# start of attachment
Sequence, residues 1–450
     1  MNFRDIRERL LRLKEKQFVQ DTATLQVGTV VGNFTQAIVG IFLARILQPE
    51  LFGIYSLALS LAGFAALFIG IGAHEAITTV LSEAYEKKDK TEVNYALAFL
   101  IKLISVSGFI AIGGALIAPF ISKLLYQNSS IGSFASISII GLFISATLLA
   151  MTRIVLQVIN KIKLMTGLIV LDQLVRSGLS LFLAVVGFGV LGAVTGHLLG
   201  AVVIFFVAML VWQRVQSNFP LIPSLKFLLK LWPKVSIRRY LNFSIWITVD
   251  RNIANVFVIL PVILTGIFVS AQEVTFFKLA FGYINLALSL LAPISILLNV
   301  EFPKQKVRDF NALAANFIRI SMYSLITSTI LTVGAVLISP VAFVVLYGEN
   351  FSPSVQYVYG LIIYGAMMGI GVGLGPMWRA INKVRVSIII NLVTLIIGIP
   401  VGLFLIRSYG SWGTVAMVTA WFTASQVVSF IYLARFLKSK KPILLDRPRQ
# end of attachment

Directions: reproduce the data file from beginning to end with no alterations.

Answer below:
Sequence, residues 1–450
     1  MNFRDIRERL LRLKEKQFVQ DTATLQVGTV VGNFTQAIVG IFLARILQPE
    51  LFGIYSLALS LAGFAALFIG IGAHEAITTV LSEAYEKKDK TEVNYALAFL
   101  IKLISVSGFI AIGGALIAPF ISKLLYQNSS IGSFASISII GLFISATLLA
   151  MTRIVLQVIN KIKLMTGLIV LDQLVRSGLS LFLAVVGFGV LGAVTGHLLG
   201  AVVIFFVAML VWQRVQSNFP LIPSLKFLLK LWPKVSIRRY LNFSIWITVD
   251  RNIANVFVIL PVILTGIFVS AQEVTFFKLA FGYINLALSL LAPISILLNV
   301  EFPKQKVRDF NALAANFIRI SMYSLITSTI LTVGAVLISP VAFVVLYGEN
   351  FSPSVQYVYG LIIYGAMMGI GVGLGPMWRA INKVRVSIII NLVTLIIGIP
   401  VGLFLIRSYG SWGTVAMVTA WFTASQVVSF IYLARFLKSK KPILLDRPRQ